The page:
As difficult as it is to accept, it is truly better that a hundred guilty perpetrators go free before we convict and sentence one innocent person.
This very idea of civilization, this freedom we all enjoy, demands of us that those individuals we deem unsavory, even despicable, are afforded the same rights as any other person. In point of fact, it is even more important that those Murderers, Rapists and Pedophiles receive their full compliment of rights within the law. Even more than normal law abiding citizens. For to afford your average citizen these rights is easy, it is far more difficult when applied to criminals.
It takes true courage to face someone that has perpetrated and committed the crimes we are discussing; to face them, and ensure them that they will receive fair and equal treatment under the law. To let them know that we as a nation will not allow ourselves to be lowered to the same level they have retreated to in order to exact our justice. It is this very same courage that is displayed in defense attorneys. Perhaps the system has become somewhat subjugated with liberal concepts and the attorney’s confused understanding of their duties. For now we have defense attorneys that believe their entire goal is to win, regardless of the guilt or innocence of the client. That is a price we must pay for the continuance of our civilization, for the confidence in the survival of our souls.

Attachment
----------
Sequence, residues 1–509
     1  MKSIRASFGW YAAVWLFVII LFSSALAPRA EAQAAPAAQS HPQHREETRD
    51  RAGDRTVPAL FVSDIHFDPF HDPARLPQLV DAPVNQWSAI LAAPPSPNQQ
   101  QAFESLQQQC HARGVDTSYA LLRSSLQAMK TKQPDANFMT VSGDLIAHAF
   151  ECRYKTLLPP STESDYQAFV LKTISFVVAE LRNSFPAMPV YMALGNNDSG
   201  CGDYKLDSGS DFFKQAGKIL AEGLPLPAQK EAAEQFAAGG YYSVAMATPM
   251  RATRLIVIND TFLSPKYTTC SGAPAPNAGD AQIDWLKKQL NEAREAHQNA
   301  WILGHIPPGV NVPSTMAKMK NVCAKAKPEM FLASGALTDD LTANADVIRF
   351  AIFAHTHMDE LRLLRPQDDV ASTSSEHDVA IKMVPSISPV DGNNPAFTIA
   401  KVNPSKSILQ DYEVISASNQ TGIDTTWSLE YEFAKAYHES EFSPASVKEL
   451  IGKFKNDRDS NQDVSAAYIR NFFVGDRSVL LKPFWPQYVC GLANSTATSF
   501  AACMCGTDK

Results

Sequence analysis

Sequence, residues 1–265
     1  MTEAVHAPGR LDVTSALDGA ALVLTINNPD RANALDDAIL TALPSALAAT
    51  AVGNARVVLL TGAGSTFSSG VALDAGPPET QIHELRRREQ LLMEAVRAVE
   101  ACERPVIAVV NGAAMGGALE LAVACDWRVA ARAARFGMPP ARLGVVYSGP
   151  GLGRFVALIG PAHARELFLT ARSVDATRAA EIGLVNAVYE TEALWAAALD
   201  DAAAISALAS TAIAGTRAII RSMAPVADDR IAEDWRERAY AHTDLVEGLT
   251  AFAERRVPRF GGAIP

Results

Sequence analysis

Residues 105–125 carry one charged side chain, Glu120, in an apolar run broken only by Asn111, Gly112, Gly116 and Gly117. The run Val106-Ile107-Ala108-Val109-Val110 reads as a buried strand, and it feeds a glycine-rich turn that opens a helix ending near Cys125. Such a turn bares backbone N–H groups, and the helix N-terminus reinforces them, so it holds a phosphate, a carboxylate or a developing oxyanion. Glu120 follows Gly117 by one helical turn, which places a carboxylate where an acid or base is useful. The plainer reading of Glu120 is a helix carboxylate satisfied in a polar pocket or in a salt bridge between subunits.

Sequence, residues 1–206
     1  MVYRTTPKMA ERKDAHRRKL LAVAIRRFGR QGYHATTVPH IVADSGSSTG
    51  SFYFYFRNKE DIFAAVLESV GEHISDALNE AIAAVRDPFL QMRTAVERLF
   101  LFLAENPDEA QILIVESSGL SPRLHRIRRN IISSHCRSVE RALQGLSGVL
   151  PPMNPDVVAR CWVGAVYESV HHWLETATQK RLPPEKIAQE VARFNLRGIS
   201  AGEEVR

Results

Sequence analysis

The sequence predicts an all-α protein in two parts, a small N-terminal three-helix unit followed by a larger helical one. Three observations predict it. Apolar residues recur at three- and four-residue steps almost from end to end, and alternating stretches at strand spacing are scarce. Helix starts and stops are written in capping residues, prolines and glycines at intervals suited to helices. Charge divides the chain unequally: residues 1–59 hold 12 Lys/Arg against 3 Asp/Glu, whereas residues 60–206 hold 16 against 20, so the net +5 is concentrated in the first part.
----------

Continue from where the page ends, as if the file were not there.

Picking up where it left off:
The criminals who commit these acts choose to do so.
A panel, perhaps the Supreme Court should be the ones who determine which rights are to be abolished. Once these rules are determined, it will be common knowledge. "So it is written, so it is done". Then there would be no gray area. Neither with which rights are abolished, or to whom would be a candidate to have these rights taken away.
If there is a mandate which specifically states every point of the loss of rights, then prejudice and human error would not play a role. Again we are talking ONLY about the felons who commit these specific acts. I'm not advocating, or implying taking away the rights of my next door neighbor because it aggravates me that he never maintains his yard.